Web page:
In the past decade, nanotechnology has become an important tool in the fight against breast cancer.
“A nanoparticle-based drug called Abraxane is being used in clinics worldwide to treat breast cancer patients,” says chemical engineering Asst. Prof. Prakash Rai. “However, the disease continues to be a major health concern.”
Breast cancer is one of the leading causes of cancer deaths among women in the United States. According to the U.S. Centers for Disease Control and Prevention, in 2013 nearly 231,000 women were diagnosed with the disease, and close to 41,000 died from it. “There is a dire need for better, more effective treatments with lower side effects,” says Rai.
Common side effects of chemotherapy include nausea, weakened immune system and loss of weight, appetite and hair. Some side effects can be life-threatening, such as hypersensitivity reactions and decreasing white blood cell count.
Rai was awarded a grant by the National Cancer Institute at the National Institutes of Health (NCI/NIH) totaling more than $725,000 to study a combined, nanotechnology-based diagnostic/therapeutic strategy for the targeted treatment of two subtypes of breast cancer: the human epidermal growth factor receptor 2 positive (HER2+) and the triple-negative breast cancer (TNBC).
“HER2-positive and TNBC are among the most difficult types of breast cancer to treat, with resistance to primary treatments a major issue in patients with recurring disease,” notes Rai.
The Emerging Field of Theranostics
Theranostics, a combination of therapeutics and diagnostics, is a relatively new field in medicine that helps doctors decide the best therapy to prescribe for each patient. Instead of a broad, generic approach to treatment, this personalized medicine ensures the patient will receive only the drug he or she actually needs, thereby maximizing the therapeutic benefits while minimizing unwanted adverse side effects.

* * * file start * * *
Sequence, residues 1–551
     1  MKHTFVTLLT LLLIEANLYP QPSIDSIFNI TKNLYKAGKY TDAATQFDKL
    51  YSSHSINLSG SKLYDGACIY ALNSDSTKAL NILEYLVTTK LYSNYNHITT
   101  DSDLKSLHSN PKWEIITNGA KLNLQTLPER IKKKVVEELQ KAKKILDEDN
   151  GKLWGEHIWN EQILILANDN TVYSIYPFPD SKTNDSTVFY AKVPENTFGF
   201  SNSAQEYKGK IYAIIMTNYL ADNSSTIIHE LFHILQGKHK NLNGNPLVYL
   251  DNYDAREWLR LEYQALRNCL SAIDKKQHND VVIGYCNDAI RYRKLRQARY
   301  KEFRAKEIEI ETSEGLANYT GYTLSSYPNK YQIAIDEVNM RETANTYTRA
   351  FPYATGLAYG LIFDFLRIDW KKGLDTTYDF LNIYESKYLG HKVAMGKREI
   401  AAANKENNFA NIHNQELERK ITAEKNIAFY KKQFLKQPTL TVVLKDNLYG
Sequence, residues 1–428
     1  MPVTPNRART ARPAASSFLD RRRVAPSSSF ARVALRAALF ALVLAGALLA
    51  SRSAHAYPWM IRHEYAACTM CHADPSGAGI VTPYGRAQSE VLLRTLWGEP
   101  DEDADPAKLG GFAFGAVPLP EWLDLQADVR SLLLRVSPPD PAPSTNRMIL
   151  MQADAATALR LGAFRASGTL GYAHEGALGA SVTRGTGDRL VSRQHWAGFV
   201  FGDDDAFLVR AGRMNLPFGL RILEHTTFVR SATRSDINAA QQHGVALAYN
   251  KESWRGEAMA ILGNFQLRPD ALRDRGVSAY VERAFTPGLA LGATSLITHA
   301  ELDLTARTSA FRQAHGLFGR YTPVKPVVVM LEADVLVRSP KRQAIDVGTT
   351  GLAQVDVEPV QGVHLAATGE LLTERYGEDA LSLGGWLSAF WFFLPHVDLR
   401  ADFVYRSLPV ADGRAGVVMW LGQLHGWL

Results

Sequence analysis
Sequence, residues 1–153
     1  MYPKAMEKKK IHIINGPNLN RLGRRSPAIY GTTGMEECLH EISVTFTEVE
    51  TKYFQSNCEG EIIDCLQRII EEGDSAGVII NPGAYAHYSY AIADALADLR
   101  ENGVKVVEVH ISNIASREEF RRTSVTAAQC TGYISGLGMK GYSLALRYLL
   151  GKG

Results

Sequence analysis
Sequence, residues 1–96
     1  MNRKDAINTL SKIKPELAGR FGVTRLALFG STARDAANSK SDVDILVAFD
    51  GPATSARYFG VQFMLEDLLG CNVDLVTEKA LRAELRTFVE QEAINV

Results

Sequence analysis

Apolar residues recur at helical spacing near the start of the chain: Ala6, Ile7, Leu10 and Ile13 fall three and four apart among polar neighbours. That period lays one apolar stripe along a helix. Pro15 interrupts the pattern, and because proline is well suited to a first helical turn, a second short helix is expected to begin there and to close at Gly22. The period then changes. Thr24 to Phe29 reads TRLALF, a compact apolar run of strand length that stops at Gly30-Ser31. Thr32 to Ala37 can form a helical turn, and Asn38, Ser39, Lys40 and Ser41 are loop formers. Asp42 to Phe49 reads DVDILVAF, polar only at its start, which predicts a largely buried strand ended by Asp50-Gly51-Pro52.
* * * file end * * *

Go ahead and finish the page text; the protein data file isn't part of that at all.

Rai and his research team combined several therapeutic agents that have shown potential in cancer treatment into a single nanometer-sized targeted drug-delivery platform — called a “theranostic nanoconstruct,” or TNC — and tested the nanoplatform’s treatment effectiveness in lab mice.
“The combination of these therapeutic agents with an imaging agent into one TNC helps reduce the dose required in a patient to achieve efficacy, thus reducing the toxic side effects,” explains Rai.
He says the imaging agent helps the team locate the TNCs and track them after they have been injected into the body, leading researchers to the cancerous tissues.
“Targeting the TNCs specifically to cancer cells helps reduce collateral damage to healthy, normal cells,” notes Rai. “If successful, these image-guided, targeted therapies should make a significant impact on the clinical care of breast cancer patients by improving survival and overall quality of life.”